Aging Climate and the Clinic

The Effects of Heat on Older Adults

When heat intensifies, older adults weaken—but they don’t have to

4 min read

The news in summer 2021 was almost as oppressive as the heat itself. Boston sweated through its hottest June on record. Lytton, British Columbia, reached an unheard-of 121 degrees Fahrenheit as the Pacific Northwest baked under a heat dome. Another dome in August stifled the Mediterranean.

As records toppled, lives were lost. Early investigations suggest that nearly one thousand people died as a direct result of the Pacific Northwest heat wave. Most of them were older adults.

In Oregon’s Multnomah County, which includes Portland, the average age among those who perished was 70. People over 65 accounted for three-quarters of Washington’s deaths.

These proportions, which echo the casualties following extreme heat events around the world in recent years, reiterate that older people are among those most vulnerable to falling ill and dying when the mercury rises. More than 80 percent of the estimated 12,000 people in the United States who die of heat-related causes annually are over age 60, according to the journalism resource Climate Central. As Earth gets hotter and human populations skew older, heat-related fatalities among older adults are expected to grow.

Climate change drives more frequent, more intense, and longer heat waves. It raises nighttime lows, preventing body temperatures from resetting when the sun sinks. Even short of heat waves, the volatility that climate change provokes in day-to-day highs can truncate the lives of older people with certain health conditions, researchers at the Harvard T.H. Chan School of Public Health wrote in a 2012 study in PNAS.

Clinicians can help. A survey published in the Annals of Global Health in 2015 indicated that primary care physicians are U.S. adults’ most trusted sources of information related to climate change and health. The medical toolkit grows as research continues to reveal the biological and social factors that make older adults more susceptible to heat and identifies the most effective interventions.

Studies show that it can be hard for even healthy older adults to tell when it’s too hot or if they’re dehydrated. Cognitive decline exacerbates these problems. Older bodies also hold more heat than younger ones when the temperature climbs. Glands don’t release as much sweat. The heart doesn’t circulate blood as well, so less heat is released from vessels in the skin. Systems from the cardiovascular to the immune struggle to compensate.

Older adults are likely to have chronic health conditions and to take medications that contribute to heat intolerance. Clinicians best serve patients when they stay abreast of the literature on risk factors and, when heat looms in the forecast, consider warning, checking in with, or adjusting relevant medications of the vulnerable, says Francesca Dominici, the Clarence James Gamble Professor of Biostatistics, Population, and Data Science at the Harvard Chan School.

“So many heat-related hospitalizations and deaths are preventable,” she says.

While doctors have known about many risk factors for decades, others are emerging. By applying statistical expertise to vast health care and meteorological data sets, Dominici and colleagues have uncovered previously unappreciated conditions that raise older people’s likelihood of being hospitalized during and immediately after heat waves. These findings, first reported in JAMA in 2014, include fluid and electrolyte disorders and urinary tract infections.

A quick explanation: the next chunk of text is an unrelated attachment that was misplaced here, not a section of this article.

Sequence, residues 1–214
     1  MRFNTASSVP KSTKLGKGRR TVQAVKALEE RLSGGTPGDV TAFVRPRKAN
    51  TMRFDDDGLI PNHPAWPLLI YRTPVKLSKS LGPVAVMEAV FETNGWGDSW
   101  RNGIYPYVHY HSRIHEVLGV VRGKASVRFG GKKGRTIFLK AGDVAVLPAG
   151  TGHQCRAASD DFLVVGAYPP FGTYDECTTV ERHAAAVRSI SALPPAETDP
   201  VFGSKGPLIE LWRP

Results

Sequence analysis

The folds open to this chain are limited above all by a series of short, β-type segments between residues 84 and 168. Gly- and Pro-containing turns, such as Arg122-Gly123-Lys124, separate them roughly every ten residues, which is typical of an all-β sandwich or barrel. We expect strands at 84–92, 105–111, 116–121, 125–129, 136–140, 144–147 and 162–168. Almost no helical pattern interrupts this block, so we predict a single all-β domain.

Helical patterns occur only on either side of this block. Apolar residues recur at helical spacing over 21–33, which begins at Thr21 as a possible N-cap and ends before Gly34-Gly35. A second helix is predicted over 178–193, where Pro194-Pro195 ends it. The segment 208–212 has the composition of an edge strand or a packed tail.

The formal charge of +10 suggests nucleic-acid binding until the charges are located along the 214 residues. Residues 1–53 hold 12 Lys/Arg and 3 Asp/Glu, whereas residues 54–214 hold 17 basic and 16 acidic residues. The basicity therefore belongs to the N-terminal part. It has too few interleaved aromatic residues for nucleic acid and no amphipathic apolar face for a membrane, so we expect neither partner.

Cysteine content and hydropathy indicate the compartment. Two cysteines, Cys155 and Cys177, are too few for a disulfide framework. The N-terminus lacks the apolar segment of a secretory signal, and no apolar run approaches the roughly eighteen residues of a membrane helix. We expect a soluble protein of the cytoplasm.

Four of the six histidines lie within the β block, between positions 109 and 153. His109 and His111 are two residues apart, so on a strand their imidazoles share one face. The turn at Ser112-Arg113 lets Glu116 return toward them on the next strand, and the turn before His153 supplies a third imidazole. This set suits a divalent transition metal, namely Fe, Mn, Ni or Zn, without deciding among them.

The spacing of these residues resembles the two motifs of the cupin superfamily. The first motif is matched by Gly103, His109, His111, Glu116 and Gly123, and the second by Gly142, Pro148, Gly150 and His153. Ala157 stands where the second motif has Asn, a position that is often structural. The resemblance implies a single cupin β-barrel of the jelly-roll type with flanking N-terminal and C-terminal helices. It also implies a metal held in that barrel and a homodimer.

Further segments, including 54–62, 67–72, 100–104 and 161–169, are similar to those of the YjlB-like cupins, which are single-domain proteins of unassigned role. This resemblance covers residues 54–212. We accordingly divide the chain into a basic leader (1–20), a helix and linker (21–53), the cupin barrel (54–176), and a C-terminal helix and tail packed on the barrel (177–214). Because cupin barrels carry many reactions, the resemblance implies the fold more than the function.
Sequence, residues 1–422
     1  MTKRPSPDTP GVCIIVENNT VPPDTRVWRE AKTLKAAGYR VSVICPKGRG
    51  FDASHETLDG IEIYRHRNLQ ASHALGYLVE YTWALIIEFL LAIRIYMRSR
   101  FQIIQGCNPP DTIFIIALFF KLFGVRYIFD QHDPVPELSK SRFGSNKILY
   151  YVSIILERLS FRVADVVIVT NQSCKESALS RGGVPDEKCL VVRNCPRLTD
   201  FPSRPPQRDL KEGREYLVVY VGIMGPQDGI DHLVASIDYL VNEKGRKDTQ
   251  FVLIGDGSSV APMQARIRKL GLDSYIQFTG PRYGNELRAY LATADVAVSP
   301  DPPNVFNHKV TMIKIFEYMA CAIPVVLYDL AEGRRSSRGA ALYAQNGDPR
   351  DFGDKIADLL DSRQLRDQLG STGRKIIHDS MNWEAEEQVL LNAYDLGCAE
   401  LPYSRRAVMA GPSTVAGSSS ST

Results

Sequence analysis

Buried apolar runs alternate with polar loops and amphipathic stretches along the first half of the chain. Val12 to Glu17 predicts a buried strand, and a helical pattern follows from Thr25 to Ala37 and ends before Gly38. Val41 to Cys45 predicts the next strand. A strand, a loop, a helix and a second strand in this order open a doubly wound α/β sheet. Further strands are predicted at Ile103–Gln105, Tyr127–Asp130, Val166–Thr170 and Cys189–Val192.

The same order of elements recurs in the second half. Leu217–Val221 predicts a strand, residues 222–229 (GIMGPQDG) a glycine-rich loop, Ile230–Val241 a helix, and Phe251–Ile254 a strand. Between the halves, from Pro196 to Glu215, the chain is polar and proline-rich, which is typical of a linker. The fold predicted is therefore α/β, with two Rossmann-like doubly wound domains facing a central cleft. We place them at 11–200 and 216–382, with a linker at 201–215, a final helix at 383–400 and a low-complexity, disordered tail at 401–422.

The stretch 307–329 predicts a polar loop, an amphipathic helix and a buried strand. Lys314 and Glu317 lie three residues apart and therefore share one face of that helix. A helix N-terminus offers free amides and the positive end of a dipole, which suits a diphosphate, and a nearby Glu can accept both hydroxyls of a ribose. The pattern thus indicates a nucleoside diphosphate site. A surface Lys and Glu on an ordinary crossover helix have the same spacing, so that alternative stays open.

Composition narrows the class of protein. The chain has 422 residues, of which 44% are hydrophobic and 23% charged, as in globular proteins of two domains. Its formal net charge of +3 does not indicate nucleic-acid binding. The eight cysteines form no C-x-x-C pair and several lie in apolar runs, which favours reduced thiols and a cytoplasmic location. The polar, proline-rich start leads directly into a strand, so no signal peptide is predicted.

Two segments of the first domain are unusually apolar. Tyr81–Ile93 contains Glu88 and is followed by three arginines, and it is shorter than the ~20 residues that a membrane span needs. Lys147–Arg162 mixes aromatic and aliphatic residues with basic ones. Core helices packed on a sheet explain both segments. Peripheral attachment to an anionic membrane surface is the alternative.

Data science is “giving us enormous ability to disentangle the major causes of a hospitalization and say reliably that it was the heat that made someone sick,” Dominici says.

What constitutes excessive heat goes beyond the National Weather Service definition of a heat wave, according to findings from researchers including John Spengler, the Akira Yamaguchi Professor of Environmental Health and Human Habitation at the Harvard Chan School.

“We’re seeing problems with hydration, sleep, and cognitive decline at 85 degrees and lower,” he says. “It makes us rethink what real heat stress is about.”

Dominici and others point out that temperatures don’t have to hit 90 or 100 degrees to be dangerous; they only have to rise beyond a region’s normal range.

Acclimation matters. Heat tends to cause more deaths at the start of summer than at the end. More deaths occur when heat strikes areas unaccustomed to it.

Finally, age intersects with socioeconomic factors to compound heat vulnerability. Older adults who are poor, who identify as Black or Hispanic, or who live in cities are more likely to become sick or die from excessive heat. Poorer neighborhoods tend to have fewer shade trees and reach a boil faster than wealthier environs. Having air conditioning at home isn’t enough if a patient can’t afford to run it. The Arizona county that includes Phoenix reported that of those who died indoors of heat-related causes in 2019 fully 91 percent had air conditioners, but the units were turned off, turned too low, or broken. Older adults with mobility issues or who lack social networks are less able to access resources such as cooling centers or have people check on them.

Science and medicine have made tremendous progress in understanding how our warming climate threatens human bodies, says Dominici. Now it depends on everyone, including clinicians, to act quickly enough to avoid the worst.

Stephanie Dutchen is manager of feature content and multimedia in the HMS Office of Communications and External Relations.

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